Tag Archives: Plus One

My Struggle IV 11×10: I am tired of looking at him on video.


 

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#howifeel

 

I teared up before I watched this not out of excitement or nostalgia or even because I knew it was the end of The X-Files, but because I knew it was the end of The X-Files and it wouldn’t be good.

I suppose I should have given it a fair shot. But it would be easier for a camel to go through the eye of a needle than for Chris Carter to tie up the shredded loose ends of the mythology in a satisfactory way within the space of one episode. It can’t be done.

So, lowered expectations properly in place, I sat to watch. It’s over now and I’m sad. And I’m sad that I’m sad. I’m sad that I’m not sad the way I was at the end of “Existence” (8×21) when I knew it was the end of an era. I’m not sad the way I was at the end of “The Truth” (9×19/20) when I had the chance to remember the magic. Heck, I’m not even sad the way I was at the end of I Want to Believe when I waved goodbye back at Mulder and Scully in their rowboat from the darkness of a forebodingly empty theater. In that last moment, I was all but sure I would never see my favorite team again. In all three moments, part of me was relieved to see them go while there was still enough of their legacy intact for me to want more of them.

Today, there’s no sweetness in my sadness. I’m sad for The X-Files. I’m sad for 1013. I’m sad for David and Gillian and the years’ worth of unforgettable moments they stretched their acting chops to give the fans. I’m sad for the fans. I’m sad that we couldn’t have a comeback worthy of how great this show was at its peak. No, I would’ve taken Season 1 levels of greatness.

You know what? I’m not just sad, I’m embarrassed. I’m embarrassed for The X-Files, for 1013, the actors and the fans. This could have been so much more and it should have been. This was a golden opportunity to complete the series in a way that those of us who campaigned for X-Files 3 back in the day didn’t dare to hope for. That opportunity has been squandered. Gloriously.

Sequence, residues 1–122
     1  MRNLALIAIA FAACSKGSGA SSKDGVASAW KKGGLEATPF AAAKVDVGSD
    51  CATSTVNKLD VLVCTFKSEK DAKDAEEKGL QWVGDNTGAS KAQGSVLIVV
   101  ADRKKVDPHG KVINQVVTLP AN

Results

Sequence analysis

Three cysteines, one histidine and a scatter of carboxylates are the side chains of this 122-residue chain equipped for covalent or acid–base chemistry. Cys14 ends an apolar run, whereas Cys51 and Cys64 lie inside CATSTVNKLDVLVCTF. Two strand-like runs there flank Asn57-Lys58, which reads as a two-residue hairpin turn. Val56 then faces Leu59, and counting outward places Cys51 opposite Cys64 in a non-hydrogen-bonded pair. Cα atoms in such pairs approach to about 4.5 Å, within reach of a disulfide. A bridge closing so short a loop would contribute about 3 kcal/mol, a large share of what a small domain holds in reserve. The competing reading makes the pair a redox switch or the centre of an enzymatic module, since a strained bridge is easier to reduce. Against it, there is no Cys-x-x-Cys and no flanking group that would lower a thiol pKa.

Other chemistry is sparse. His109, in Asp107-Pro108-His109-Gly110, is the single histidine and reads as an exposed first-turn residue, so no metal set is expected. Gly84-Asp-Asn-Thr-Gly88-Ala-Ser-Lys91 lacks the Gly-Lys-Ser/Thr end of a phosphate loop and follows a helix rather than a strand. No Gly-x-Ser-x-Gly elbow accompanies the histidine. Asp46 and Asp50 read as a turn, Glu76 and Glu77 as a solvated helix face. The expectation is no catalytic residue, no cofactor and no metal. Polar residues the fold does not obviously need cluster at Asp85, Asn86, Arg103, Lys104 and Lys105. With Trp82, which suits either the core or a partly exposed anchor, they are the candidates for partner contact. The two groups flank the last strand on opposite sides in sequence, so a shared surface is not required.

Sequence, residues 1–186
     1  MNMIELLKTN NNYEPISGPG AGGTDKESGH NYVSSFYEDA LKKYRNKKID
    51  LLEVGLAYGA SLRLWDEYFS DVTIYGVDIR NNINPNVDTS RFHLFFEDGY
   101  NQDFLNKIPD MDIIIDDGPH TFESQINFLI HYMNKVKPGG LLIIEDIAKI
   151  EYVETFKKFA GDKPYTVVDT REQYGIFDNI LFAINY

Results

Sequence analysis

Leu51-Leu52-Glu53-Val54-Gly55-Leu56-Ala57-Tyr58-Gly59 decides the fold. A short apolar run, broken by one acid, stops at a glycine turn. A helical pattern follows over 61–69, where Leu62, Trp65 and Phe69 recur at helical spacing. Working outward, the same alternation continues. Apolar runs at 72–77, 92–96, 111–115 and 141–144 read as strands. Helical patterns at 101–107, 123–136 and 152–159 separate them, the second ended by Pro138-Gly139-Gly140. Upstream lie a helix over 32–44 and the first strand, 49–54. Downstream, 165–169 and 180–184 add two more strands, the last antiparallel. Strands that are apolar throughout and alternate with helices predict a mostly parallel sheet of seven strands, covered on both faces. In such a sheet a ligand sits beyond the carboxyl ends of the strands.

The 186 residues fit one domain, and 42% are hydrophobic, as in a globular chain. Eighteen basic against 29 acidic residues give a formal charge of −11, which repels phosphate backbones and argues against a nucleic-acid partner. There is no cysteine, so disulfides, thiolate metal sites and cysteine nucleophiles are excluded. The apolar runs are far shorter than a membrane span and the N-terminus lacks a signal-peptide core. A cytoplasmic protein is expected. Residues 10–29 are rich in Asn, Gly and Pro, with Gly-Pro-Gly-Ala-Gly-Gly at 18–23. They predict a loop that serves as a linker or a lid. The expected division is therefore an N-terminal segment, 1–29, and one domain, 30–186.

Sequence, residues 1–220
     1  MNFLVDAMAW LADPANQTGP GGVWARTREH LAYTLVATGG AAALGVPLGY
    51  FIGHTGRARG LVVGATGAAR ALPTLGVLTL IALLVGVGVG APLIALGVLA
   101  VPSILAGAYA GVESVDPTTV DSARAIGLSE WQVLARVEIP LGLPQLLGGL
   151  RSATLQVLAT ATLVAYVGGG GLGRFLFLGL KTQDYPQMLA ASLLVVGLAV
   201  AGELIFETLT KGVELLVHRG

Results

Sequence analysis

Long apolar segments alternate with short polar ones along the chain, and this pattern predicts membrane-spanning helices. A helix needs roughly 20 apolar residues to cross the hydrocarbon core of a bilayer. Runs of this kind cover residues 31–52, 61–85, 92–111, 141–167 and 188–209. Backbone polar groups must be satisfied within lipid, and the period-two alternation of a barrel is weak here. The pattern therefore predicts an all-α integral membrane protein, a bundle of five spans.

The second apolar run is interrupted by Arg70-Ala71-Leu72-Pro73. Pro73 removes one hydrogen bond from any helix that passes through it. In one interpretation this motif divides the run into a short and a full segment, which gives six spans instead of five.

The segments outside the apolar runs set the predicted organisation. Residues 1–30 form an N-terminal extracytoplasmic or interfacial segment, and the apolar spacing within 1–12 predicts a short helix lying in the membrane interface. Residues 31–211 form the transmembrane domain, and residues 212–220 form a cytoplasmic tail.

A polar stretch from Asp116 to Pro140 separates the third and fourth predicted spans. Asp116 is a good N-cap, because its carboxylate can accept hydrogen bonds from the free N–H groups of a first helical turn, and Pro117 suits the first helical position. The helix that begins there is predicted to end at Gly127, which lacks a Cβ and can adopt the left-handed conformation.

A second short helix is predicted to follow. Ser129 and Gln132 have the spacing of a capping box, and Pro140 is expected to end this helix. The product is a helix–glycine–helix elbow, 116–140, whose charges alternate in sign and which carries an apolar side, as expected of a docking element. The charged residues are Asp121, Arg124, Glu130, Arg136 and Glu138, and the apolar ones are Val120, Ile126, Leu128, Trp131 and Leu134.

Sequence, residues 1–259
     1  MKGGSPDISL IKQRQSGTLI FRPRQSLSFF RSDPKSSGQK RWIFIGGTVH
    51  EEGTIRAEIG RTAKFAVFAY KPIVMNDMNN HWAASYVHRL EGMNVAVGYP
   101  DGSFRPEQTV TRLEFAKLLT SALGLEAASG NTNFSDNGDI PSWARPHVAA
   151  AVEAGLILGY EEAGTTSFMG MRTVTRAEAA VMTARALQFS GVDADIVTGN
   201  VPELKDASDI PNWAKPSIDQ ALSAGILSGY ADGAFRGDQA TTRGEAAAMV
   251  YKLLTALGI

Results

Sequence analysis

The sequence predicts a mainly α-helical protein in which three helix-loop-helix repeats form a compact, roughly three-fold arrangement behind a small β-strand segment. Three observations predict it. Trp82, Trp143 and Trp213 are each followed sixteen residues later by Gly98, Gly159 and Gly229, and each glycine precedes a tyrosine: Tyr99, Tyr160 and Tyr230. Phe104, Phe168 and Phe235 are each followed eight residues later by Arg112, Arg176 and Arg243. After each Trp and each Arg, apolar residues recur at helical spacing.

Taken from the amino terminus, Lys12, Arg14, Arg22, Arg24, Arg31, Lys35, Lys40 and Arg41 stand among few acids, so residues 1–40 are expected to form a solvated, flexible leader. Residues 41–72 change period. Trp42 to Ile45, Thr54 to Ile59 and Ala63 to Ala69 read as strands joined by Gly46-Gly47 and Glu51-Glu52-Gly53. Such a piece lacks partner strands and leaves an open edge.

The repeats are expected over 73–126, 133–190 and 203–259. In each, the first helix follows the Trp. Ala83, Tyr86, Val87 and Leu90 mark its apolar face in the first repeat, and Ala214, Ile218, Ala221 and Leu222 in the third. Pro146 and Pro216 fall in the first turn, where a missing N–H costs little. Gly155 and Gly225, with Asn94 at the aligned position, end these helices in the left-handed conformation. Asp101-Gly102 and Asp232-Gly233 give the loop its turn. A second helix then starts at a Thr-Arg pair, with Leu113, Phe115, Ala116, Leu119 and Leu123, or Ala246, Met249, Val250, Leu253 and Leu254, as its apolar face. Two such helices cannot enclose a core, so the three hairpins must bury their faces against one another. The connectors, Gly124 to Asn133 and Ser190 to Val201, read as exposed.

I’m not even sure how to separate my musings of this episode from my overall feelings of mourning. William may not be dead, but my enthusiasm is.

William. His name is a one-word sentence in my head because I can’t even think of this plot without stopping to close my eyes and tenderly touch my weary head. I need a moment…

So, William. [insert nose bridge pinch here] What we have here, my fellow Philes (for no one but a Phile would still be reading… or watching by this point), is the ultimate retcon. Yes, yes. I know. I was there for Seasons 8 and 9 (unlike some of you, so don’t test me) and I remember the not-so-subtle hints that Williams’ origins were neither natural nor supernatural but manmade. The thing is, after all that back and forth, after all that giving Mulder a son and teasing taking him away, we were all, Mulder and Scully included, left with the conclusion that William was Mulder’s biological child. To pretend otherwise now is disingenuous in the extreme, also known as a right-rotten case of takesies backsies.

Actually, what am I saying? This entire episode is premised on the assumption that everyone had good reason to believe and did believe that William was Mulder’s child. Now, on the word of the Father of Lies… No, on the hearsay word of the Father of Lies as related to Skinner who was given no proof, to Scully who was given no proof, we are now to take it as fact that William was never really Mulder’s son, or Scully’s, for that matter. He was merely an experiment that Scully carried in her womb for nine months.